Excavation works on an ancient memorial rock bearing hieroglyphic engravings, believed to have remained from the Hittite Empire and be one of the few examples of its kind in Turkey, have commenced in central Kırşehir province, officials from the excavation team said Wednesday.
The rock monument, known by locals as "Malkaya", is located in the Karalar village and estimated to date back to1300s B.C. Rescue excavations on and around the rock were launched after the ancient monument was partly damaged by treasure hunters with dynamites.
Elif Baştürk from the Archeology Department of Kırşehir Ahi Evran University, who is the scientific adviser to the excavation team, told reporters that the rock was initially discovered by German scientist Helmuth Theodor Bossert in the 1950s but became more widely known in the science world with works published in the following years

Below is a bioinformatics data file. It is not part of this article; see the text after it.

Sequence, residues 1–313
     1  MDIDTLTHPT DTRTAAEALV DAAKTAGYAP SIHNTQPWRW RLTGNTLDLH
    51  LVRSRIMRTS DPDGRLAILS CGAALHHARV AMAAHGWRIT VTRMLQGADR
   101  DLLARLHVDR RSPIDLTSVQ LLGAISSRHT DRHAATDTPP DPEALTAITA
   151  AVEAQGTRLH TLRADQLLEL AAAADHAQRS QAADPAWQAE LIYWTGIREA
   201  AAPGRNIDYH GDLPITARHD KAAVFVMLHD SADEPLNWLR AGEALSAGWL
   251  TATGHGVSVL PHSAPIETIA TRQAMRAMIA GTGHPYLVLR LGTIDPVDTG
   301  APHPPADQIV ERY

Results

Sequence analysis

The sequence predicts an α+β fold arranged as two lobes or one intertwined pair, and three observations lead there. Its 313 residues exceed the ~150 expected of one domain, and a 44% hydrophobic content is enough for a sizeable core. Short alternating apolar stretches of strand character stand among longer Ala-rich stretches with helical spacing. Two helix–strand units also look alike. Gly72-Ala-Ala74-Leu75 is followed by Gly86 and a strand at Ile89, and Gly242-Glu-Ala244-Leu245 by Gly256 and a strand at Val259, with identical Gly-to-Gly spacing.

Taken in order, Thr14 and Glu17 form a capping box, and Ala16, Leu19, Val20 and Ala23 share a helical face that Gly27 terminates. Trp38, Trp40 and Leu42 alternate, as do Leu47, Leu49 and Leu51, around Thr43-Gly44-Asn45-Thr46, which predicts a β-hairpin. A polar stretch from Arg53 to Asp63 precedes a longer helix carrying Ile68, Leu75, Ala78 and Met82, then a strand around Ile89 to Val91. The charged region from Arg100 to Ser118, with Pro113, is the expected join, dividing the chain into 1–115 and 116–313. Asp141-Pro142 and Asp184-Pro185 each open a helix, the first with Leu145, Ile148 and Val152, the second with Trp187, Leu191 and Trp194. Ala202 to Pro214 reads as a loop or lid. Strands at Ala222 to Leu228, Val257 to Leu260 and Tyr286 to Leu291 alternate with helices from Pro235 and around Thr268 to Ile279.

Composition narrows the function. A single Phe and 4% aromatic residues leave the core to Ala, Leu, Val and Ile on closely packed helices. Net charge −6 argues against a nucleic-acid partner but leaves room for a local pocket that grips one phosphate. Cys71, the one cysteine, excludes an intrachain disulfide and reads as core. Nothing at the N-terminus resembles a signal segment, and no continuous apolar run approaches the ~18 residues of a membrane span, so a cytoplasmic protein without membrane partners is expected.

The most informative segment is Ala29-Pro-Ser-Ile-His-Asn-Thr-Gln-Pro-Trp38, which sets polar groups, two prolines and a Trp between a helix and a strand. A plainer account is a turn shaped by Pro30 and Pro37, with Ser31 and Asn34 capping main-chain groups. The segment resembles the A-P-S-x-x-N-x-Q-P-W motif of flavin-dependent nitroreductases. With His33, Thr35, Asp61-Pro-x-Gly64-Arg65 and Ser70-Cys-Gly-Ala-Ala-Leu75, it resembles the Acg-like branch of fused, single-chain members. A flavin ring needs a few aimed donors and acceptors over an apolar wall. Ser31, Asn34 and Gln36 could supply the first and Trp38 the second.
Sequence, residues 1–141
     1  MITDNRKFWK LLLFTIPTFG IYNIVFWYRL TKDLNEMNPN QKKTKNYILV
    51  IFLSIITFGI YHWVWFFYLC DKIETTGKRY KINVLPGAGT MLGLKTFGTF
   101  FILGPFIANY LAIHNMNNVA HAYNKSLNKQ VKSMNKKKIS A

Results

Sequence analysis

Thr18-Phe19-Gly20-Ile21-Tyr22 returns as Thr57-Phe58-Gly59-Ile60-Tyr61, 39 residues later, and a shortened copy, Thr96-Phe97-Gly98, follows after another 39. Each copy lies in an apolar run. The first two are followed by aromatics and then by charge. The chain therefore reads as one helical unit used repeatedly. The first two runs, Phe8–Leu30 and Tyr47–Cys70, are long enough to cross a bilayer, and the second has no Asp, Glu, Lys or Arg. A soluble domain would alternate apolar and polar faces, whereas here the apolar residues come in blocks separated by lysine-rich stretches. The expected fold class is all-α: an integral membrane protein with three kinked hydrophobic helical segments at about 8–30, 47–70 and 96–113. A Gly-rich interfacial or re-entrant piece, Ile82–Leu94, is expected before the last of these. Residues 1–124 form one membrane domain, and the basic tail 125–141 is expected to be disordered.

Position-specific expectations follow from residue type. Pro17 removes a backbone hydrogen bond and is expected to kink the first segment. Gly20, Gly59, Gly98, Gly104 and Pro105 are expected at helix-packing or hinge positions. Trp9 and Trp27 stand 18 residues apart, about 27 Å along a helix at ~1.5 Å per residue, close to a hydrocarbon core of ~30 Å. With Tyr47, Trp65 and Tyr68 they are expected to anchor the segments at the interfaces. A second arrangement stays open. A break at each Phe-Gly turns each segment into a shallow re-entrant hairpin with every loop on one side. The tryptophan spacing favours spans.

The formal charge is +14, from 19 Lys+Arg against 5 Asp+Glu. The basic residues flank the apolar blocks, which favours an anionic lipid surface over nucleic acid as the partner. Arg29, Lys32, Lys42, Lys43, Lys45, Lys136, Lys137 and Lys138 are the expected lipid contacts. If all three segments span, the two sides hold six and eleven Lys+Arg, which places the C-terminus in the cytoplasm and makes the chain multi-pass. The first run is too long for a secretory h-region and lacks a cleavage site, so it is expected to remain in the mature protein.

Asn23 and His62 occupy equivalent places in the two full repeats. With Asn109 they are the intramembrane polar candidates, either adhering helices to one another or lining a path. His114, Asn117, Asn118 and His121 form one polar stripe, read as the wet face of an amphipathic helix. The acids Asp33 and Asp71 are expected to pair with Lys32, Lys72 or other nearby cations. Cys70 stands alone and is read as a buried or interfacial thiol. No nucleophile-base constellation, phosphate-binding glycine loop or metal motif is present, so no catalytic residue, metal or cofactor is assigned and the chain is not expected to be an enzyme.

Baştürk said that the hieroglyphic engravings covered almost every side of the rock, while the longest inscription was located on the northern face.
"There are fractures and decayed areas. Since it is also covered with thorny plants, not all hieroglyphic writings are visible," she said.
Baştürk noted that most probably a prince and a princess were mentioned on the rock, but it was not clear.
Baştürk said there were some sources claiming that the monument depicted a hunt by the Hittite dynasty while some others thought it reflected a religious ritual.
"It could be linked to a religious ritual if we consider the surrounding architectural remains," Baştürk said, adding "if there are other architectural relics connected to it or around it, then we could talk about it being a religious structure."
The excavations on the ancient monument are planned to be completed in 20 days.